AskDefine | Define hypocaust

User Contributed Dictionary

English

Etymology

Latin hypocaustum, from Greek hypo "underneath" + kaiein "to light a fire, burn"

Noun

  1. an underfloor space or flue through which heat from a furnace passes to heat the floor of a room or a bath, as illustrated by the ancient Roman hypocaustum, and the traditional Korean ondol (온돌, ).
  2. an underfloor heating system, even without such an underfloor space or flue, as adapted to the modern housing, east and west.

Extensive Definition

A hypocaust is an ancient Roman system of central heating. The word literally means "heat from below", from the Greek hypo meaning below or underneath, and kaiein, to burn or light a fire. They are traditionally considered to have been invented by Sergius Orata, though this is not fully confirmed.

Operation

Hypocausts were used for heating public baths and private houses. The floor was raised off the ground by pillars, called pilae stacks, and spaces were left inside the walls so that the hot air and smoke from the furnace (praefurnium) would pass through these enclosed areas and out of flues in the roof, thereby heating but not polluting the interior of the room. Rooms requiring the most heat were placed closest to the furnace, whose heat could be increased by adding more wood. It was labour-intensive to run a hypocaust as it required constant attention to tend the fire, and expensive in fuel, so it was a feature of the villa and public baths.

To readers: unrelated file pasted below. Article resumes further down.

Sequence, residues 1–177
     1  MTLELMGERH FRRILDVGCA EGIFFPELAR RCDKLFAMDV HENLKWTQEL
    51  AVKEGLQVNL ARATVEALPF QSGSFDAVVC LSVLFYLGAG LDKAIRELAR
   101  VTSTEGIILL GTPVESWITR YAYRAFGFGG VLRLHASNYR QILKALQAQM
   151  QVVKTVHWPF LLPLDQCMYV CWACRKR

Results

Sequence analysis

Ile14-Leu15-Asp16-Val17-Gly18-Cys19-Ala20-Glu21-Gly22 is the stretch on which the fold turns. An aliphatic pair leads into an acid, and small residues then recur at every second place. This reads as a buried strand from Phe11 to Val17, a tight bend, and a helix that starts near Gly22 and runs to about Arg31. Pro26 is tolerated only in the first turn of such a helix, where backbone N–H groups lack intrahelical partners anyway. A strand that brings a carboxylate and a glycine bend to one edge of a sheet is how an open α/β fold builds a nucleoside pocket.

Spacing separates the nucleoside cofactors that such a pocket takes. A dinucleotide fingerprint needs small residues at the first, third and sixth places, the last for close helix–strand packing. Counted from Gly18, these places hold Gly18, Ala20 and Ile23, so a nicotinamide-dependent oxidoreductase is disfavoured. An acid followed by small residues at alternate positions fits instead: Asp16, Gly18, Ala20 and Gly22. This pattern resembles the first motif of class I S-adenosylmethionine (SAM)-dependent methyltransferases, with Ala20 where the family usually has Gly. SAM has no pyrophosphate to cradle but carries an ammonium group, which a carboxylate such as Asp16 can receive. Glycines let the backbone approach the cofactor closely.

Vitruvius describes their construction and operation in his work De Architectura in about 25 BC, adding details about how fuel could be conserved by designing the hot room or caldarium for men and women should be built next to one another, adjacent to the tepidarium so as to run the public baths efficiently. He also describes a device for adjusting the heat by a bronze ventilator in the domed ceiling.
The hypocaust is generally regarded as a major Roman invention which improved the hygiene and living conditions of citizens, and was a forerunner of modern central heating.

After the Romans

A derivation of hypocaust, the gloria, had been in use in Castile until the arrival of modern heating. After the fuel (mainly wood) has been reduced to ashes, the air intake is closed to keep hot air inside and slow combustion.
Korean traditional houses use an Ondol which is similar to a hypocaust, drawing smoke from a wood fire typically used for cooking.

See also

External links

hypocaust in German: Hypokaustum
hypocaust in Spanish: Hipocausto
hypocaust in Esperanto: Hipokaŭsto
hypocaust in French: Hypocauste
hypocaust in Hungarian: Hypocaustum
hypocaust in Dutch: Hypocaustum
hypocaust in Norwegian: Hypokaust
hypocaust in Polish: Hypocaustum
hypocaust in Portuguese: Hipocausto
hypocaust in Finnish: Hypokausti
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